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Conn’s, hhgregg Paint Tale Of Two Cities

New York — First-quarter financial results from two multiregional CE and appliance chains this morning provide starkly different snapshots of the marketplace.

For Texas-based Conn’s, sales are on the ascent led by strength in appliances, UHD TVs and home furnishings.

But Indianapolis’ hhgregg is still finding its footing, reporting sales declines across majaps and CE, and an $8.6 million loss for quarter.

At Conn’s, net retail sales rose 12.7 percent to $325 million for the three months ended July 31, as it continues to open stores in new and existing markets. The company currently operates 95 big-box locations stretching from Colorado to the Carolinas.

But the real story lies in its same-store sales. Those were up 3.1 percent for the quarter, weighed down only by the retailer’s exit from the video game and digital imaging categories, and its decision to drop certain tablet lines. Excluding those changes, apples-to-apples comps increased 6.7 percent.

The momentum was even stronger in July, a traditionally slow month for CE, when TV comps increased 6.9 percent. Conn’s attributed the gain to UHD TV, whose higher average selling prices (ASPs) helped lift CE comps 6.1 percent (excluding the exited categories), as the advanced displays come to comprise a larger chunk of its video business.

Majaps turned in a comparable performance, with July comps up 7 percent on higher unit volume, which offset lower ASPs.

Showing the greatest strength on the product side once again was furniture and mattresses, whose comps rose 8.5 percent in July on higher ASPs and unit volume. But even that was outpaced by commissions from repair service agreements, whose comps increased 11.2 percent for the month.

But all is not rosy at company’s The Woodlands headquarters. The retailer’s in-house credit unit, which is the bedrock of its business model but also the cause of recent earnings declines, remains a pain point as consumers continue to struggle to make their payments. Indeed, despite tightening its credit requirements, the 60-plus-day delinquency rate at Conn’s continued to creep up, rising to 9.2 percent from 8.7 percent last year as of July 31.

Meanwhile, hhgregg said cost-cutting and revenue-generating initiatives contributed to improving sales and traffic trends in the first quarter, and a narrowing of its losses from last year.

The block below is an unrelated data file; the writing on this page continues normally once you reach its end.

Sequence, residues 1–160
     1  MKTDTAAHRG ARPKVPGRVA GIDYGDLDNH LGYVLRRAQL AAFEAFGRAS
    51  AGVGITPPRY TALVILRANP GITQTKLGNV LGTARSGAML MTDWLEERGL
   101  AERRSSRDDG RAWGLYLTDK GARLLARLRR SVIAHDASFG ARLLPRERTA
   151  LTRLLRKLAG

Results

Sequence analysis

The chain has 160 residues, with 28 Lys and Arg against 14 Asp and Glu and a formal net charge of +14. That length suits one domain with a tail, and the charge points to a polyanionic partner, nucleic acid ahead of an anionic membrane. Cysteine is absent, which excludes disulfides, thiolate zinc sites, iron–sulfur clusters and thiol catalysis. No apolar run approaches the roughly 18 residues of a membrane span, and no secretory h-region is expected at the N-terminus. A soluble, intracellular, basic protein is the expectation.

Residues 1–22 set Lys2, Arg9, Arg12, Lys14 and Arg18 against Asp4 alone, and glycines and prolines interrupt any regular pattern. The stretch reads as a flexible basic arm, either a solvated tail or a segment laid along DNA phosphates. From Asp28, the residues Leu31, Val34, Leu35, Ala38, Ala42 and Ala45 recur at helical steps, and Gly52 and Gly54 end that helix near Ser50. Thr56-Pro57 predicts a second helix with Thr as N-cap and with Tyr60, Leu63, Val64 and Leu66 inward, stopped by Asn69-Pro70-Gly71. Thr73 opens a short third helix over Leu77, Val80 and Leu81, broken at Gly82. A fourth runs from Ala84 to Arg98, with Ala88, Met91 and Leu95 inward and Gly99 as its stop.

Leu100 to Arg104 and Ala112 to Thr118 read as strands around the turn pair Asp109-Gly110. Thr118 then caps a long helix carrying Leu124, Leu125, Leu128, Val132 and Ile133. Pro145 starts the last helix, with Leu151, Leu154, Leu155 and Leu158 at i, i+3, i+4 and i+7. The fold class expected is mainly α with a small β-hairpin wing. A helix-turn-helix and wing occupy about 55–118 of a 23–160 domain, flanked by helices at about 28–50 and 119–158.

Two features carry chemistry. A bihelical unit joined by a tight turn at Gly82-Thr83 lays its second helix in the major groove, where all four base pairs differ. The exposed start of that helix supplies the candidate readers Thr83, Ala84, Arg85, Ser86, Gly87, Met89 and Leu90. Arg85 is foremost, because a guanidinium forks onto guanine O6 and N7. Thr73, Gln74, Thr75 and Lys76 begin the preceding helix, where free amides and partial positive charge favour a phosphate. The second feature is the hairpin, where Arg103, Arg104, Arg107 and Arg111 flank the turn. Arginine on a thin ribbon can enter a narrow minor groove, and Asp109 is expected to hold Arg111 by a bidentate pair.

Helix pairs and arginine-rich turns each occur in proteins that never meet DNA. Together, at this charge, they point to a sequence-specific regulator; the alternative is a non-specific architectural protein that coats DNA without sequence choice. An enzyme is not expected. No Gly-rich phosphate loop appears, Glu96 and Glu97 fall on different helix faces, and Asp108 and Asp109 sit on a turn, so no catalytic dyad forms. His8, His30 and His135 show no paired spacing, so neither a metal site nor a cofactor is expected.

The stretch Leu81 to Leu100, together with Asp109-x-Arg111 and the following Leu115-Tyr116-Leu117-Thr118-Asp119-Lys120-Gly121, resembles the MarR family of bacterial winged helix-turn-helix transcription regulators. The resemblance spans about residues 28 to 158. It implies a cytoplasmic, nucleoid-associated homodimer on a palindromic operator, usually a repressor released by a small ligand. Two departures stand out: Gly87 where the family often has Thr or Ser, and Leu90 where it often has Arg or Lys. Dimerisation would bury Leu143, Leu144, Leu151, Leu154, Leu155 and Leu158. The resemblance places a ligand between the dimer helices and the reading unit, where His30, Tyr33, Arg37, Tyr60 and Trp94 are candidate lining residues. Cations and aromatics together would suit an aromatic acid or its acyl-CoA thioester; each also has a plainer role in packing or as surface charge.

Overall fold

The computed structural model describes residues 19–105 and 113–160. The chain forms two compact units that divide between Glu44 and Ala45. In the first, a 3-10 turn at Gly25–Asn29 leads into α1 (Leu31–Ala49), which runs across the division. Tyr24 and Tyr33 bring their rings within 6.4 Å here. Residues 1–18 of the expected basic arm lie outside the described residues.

Still, net sales slipped 6.6 percent to $441.1 million and comps decreased 6.3 percent on same-store sales declines in appliances (-2.2 percent), CE (-8.3 percent) and computers and tablets (-42 percent). Majaps now comprise fully 59 percent of the company’s sales mix, compared to 30 percent for CE.

The total comp decline was compounded by the chain’s exit from the mobile and fitness categories, but was offset by a 12.1 percent comp gain in furniture and mattresses.

Finances were bolstered by an 80-basis-point increase in gross profit margin, thanks to a mix-shift to more profitable categories and higher margins in CE, computers, tablets and home furnishings. The company also lowered its advertising expense by cutting back on circulars; reduced wages as it “drives efficiencies” in its labor structure; and saw a decrease in employee benefits due to a reduction in medical expenses.

All told, the company is aiming for $50 million in cost savings in the current fiscal year.

But despite the cost reductions, SG&A (selling, general and administrative expenses) as a percentage of net sales rose from 24.7 percent to 25.2 percent year over year due to consulting expenses and higher occupancy costs and bank transaction fees for its consumer finance programs.

Consulting fees totaled $3.9 million for the quarter, as the company sought assistance with rationalizing its marketing spend, optimizing its logistics network and accelerating its turnaround.

“We were pleased to have a solid start to our fiscal year and to see an immediate impact from our fiscal 2016 initiatives on our financial results, highlighted by generating positive EBITDA [earnings before interest, taxes, depreciation and amortization] for the quarter,” said president/CEO Dennis May. “Though we were pleased with the traction of the transformation initiatives, we still have a lot of work in front of us.”

hhgregg ended the quarter with 227 big-box locations across 20 states, reflecting one new store opening and two store closures.